SINGAPORE (Reuters) - Gold roared to another record on Thursday and held within sight of the next target of $1,000 an ounce, as the dollar struck an all-time low against the euro and oil stood near $105 a barrel.
Silver struck a 27-year high on speculative buying, platinum was below an historical high, New York’s COMEX futures held near records around $995 an ounce, and Tokyo’s platinum futures hit a new peak before ending lower on profit taking.
Spot gold jumped as high as $991.90 an ounce, mainly driven by speculative buying, up from $985.70/986.50 late in New York on Wednesday.
Trading was volatile on Thursday, with early selling dragging down the price to as low as $983.90 an ounce before speculative buying accelerated on dollar weakness, and pushed the price to new highs.
“The market is nervous. We don’t see any physical buying,” said Ellison Chu, senior manager at Standard Bank London in Hong
“Some people expect it to touch $1,000 soon on gold, but some also expect a big correction soon. It’s mixed,” said Chu, referring to current market sentiment.
Gold has gained as much as 19 percent in 2008 as funds, speculators and investors pour money into precious metals on expectation of further interest rate cuts in the United States and record-high oil, which lift its safe-haven appeal.
“There is psychological resistance at $1,000, but it’s a matter of time to see gold break through that level,” said Shuji Sugata, manager Mitsubishi Corp Futures and Securities Ltd.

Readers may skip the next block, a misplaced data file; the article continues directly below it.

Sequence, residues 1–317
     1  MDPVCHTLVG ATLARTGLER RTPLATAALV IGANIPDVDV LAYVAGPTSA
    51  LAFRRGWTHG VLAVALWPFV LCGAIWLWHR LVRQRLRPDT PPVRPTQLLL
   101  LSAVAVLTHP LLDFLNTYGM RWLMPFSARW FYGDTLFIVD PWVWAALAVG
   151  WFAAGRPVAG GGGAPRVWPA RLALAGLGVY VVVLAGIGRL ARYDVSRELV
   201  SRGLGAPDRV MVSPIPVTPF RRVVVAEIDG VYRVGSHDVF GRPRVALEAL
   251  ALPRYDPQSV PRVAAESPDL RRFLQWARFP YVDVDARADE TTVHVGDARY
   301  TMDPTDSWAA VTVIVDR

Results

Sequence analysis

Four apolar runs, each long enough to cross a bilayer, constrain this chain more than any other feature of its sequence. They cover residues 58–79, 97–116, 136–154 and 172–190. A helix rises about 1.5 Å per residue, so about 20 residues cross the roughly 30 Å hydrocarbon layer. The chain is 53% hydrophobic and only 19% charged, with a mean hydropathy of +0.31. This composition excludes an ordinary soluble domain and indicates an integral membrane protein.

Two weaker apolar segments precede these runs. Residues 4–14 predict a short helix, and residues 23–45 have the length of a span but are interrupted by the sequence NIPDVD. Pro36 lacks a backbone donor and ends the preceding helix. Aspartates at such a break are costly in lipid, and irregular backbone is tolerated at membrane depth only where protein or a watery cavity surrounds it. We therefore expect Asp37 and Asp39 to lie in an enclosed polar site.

Crude oil held steady on Thursday at $104.40 a barrel, after hitting a record near $105 a barrel the previous day, aided by OPEC’s decision to keep output levels unchanged and U.S. government data showing a surprise drop in crude inventories.
Gold futures for April delivery on the COMEX division of the New York Mercantile Exchange rose $2.8 to $991.3 an ounce, near its record high of $995.20 hit on Wednesday.
“It’s difficult to say at this juncture if we will touch the $1,000 mark. I guess it really depends on how long oil prices remain above $100,” said Darren Heathcote of Investec Australia.
The dollar fell to a record low against a basket of major currencies as weak U.S. service sector and employment data kept alive fears of a recession.
The dollar hit an all-time low against a trade-weighted basket of major currencies, with the dollar index falling as low as 73.192.
Silver hit an intraday high of $21.18 an ounce, its best level since Oct. 1980, up from $20.61/20.66 an ounce late in New York as a tumbling dollar spurred another round of speculative buying.
Spot platinum fell to $2,235/2,245 an ounce from $2,240/2,247 an ounce. Spot palladium fell to $548/552 an ounce from $552/556 an ounce.
The most active platinum contract on the Tokyo Commodity
Exchange, currently February 2009, hit a new record at 7,427 yen per gram before ending 20 yen per gram lower at 7,307 yen.
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